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Lithium-Air Battery with Unprecedented Energy Density

Andrea Raffin / Alamy Stock Photo Lithium Air.jpg
Researchers in Japan successfully fabricated a device with markedly higher performance than lithium-ion commercial designs.

Researchers have achieved a new milestone in both energy density and cycle lifetime performance in an emerging type of battery that could one day be a replacement for lithium-ion devices.

Researchers at the National Institute for Materials Science (NIMS) in Japan, working with SoftBank Corp., have developed a lithium-air battery with an energy density of over 500 watt-hours per kilogram (Wh/kg) that can be charged and discharged at room temperature.

The development of the device—the energy density of which is significantly higher than the lithium-ion batteries currently used—paves the way for the manufacturing of lithium-air batteries for more widespread and even commercial use, researchers said.

Reaching Its Potential

Though scientists long have known that lithium-air batteries have the potential to be widely used as rechargeable batteries, most of this potential has been theoretical.

However, the energy density of conventional lithium-ion batteries is beginning to reach its limits for the requirements of advanced energy storage devices, such as EVs and unmanned aerial vehicles, which slowly charge during the day and discharge overnight, researchers observed in an abstract for a paper on their work in the journal Materials Horizons.

NIMS Senior Researcher Shoichi Matsuda led the research team, which alongside many others is seeking alternatives to lithium-ion designs.

“Lithium-air batteries (LABs), which have the potential to achieve energy densities two to five times higher than those of LiBs, are potential candidates for next-generation rechargeable batteries for the above-mentioned application field,” researchers wrote.

In reality, however, only a few lithium-air batteries that demonstrate high energy density have actually been fabricated and developed, mainly because the devices tend to contain heavy inactive components (e.g., separators and electrolytes) that, although they don’t participate in its chemical reactions, weigh the devices down, they noted.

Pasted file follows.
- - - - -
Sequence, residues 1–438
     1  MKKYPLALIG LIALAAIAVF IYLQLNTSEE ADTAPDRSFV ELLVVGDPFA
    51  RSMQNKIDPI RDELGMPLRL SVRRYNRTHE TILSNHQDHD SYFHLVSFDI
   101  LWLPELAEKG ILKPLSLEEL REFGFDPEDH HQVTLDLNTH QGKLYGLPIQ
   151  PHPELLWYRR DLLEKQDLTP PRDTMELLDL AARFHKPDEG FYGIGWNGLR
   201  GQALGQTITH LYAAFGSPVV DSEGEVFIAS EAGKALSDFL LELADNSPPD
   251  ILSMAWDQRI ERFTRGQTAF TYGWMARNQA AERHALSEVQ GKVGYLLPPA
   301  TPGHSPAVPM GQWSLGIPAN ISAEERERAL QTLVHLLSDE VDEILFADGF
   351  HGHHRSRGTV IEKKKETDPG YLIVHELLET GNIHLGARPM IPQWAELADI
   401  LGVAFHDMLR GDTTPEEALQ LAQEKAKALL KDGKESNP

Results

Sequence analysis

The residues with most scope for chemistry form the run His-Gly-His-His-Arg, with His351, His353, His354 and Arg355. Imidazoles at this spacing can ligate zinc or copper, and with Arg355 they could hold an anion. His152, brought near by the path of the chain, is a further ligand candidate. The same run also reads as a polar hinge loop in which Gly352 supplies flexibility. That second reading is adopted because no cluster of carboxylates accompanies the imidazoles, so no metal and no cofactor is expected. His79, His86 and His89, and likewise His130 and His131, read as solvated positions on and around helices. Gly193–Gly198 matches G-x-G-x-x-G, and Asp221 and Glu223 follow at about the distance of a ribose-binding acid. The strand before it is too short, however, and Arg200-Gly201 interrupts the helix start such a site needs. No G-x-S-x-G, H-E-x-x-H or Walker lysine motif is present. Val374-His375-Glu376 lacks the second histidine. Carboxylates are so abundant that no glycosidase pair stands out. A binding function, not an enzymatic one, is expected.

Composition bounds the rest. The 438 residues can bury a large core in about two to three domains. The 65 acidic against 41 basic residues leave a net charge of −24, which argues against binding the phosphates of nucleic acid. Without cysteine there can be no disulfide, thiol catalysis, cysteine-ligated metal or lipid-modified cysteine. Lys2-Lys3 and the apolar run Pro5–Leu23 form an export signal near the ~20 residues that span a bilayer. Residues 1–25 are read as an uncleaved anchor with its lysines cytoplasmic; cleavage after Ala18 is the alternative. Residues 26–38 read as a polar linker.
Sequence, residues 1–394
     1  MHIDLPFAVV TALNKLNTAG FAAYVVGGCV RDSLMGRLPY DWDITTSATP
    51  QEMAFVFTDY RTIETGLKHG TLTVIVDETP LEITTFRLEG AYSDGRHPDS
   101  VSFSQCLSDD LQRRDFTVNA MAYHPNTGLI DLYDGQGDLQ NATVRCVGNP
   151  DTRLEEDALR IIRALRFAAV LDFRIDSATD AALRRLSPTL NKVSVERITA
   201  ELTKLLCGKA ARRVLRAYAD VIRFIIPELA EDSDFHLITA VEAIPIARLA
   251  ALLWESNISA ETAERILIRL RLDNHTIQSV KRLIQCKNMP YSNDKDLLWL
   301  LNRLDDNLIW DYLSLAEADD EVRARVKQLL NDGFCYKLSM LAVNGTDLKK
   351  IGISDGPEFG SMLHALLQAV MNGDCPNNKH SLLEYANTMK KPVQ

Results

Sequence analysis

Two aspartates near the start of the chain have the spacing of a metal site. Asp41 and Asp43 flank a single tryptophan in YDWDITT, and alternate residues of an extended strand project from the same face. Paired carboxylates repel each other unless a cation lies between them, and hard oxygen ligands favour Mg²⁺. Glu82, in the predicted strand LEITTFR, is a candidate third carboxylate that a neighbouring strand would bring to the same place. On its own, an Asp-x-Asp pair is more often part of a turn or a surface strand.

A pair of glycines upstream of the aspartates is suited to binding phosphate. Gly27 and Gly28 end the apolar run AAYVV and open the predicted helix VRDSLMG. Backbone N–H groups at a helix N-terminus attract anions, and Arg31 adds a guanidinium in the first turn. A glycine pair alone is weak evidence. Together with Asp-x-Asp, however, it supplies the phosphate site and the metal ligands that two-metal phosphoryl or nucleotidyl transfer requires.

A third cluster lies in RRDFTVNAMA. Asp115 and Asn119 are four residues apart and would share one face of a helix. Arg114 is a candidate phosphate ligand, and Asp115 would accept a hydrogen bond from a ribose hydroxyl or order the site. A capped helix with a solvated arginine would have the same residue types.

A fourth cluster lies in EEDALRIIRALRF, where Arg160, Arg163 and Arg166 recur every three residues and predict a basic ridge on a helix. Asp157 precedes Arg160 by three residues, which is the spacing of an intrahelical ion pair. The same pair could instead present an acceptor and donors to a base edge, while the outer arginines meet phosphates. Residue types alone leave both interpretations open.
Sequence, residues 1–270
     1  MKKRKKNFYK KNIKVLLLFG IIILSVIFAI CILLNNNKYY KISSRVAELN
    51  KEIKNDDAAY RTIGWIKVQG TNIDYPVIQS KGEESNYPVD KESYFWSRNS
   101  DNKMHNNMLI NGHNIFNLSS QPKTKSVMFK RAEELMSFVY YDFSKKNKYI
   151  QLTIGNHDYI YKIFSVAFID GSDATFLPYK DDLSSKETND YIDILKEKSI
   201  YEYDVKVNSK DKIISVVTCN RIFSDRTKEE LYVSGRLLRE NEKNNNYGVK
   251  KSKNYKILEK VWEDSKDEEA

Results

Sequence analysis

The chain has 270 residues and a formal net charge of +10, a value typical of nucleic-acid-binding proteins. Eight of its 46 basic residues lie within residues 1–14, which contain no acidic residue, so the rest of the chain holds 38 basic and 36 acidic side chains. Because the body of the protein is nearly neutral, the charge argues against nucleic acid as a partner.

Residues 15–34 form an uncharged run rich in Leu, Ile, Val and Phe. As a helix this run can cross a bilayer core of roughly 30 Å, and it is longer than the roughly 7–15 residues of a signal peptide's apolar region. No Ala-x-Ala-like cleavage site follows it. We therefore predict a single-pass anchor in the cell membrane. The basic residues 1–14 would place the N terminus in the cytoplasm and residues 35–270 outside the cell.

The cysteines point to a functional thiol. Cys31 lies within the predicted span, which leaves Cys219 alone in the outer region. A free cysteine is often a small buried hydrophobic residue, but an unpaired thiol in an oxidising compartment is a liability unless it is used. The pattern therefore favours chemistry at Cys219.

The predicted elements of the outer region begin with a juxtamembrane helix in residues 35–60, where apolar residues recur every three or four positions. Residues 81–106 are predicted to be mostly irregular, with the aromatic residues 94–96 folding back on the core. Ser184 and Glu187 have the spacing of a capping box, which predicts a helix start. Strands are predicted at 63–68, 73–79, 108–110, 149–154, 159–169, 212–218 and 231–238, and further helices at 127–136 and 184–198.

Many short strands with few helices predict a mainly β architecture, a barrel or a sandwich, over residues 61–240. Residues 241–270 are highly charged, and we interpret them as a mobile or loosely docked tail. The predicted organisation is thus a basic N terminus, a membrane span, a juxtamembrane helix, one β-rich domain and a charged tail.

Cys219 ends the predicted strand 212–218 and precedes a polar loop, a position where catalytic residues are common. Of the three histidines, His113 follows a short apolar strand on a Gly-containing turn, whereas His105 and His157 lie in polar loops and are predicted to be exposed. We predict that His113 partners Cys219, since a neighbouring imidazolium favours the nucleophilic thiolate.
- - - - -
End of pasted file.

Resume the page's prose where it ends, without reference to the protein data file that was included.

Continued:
Image Courtesy of NIMS, SoftBank CorpLithiumairbatt[1] copy.jpg

(a) New materials for lithium-air batteries developed by researchers at Japan’s National Institute for Materials Science (NIMS) and SoftBank Corp. (b) Cell fabrication technique developed by the NIMS-SoftBank Advanced Technologies Development Center. (c) Demonstration of stable discharge/charge cycles of lithium-air batteries with energy density over 500Wh/kg operated at the room-temperature

Possible Solution

Matsuda’s team has been working at the NIMS-SoftBank Advanced Technologies Development Center to develop materials to bolster the performance of lithium-air batteries to develop devices that achieve their potential for high energy density. They also have developed a technique to fabricate these devices for a variety of applications, they said.

A typical lithium-air battery is comprised of a lithium–metal foil, separator, lithium-ion-conducting non-aqueous electrolyte, a porous carbon electrode, and gas diffusion layer.

“During discharge, the dissolution of Li metal proceeds at the negative electrode,” researchers explained in their paper. “The generated electrons are transferred to the positive electrode through an external circuit and used for the reduction of atmospheric oxygen, forming insoluble Li2O2 as a discharge product.”

In their work, researchers discovered that previously, devices could not achieve their potential for high energy density above 300 Wh/kg because either the cell contained an excess amount of electrolyte and/or the cell was operated at relatively small areal capacity conditions, they said.

To create their device, then, researchers achieved a balance in controlling the amount of the electrolyte against the areal capacity of the device, they revealed in their paper.

The team is currently working on higher-performance battery materials and plans to integrate them into the newly developed lithium-air battery to bolster its battery cycle life further, researchers said. They then aim to expedite efforts to put the battery into practical use at the NIMS-SoftBank Advanced Technologies Development Center on its way to commercial viability. 

Elizabeth Montalbano is a freelance writer who has written about technology and culture for more than 20 years. She has lived and worked as a professional journalist in Phoenix, San Francisco, and New York City. In her free time, she enjoys surfing, traveling, music, yoga, and cooking. She currently resides in a village on the southwest coast of Portugal.

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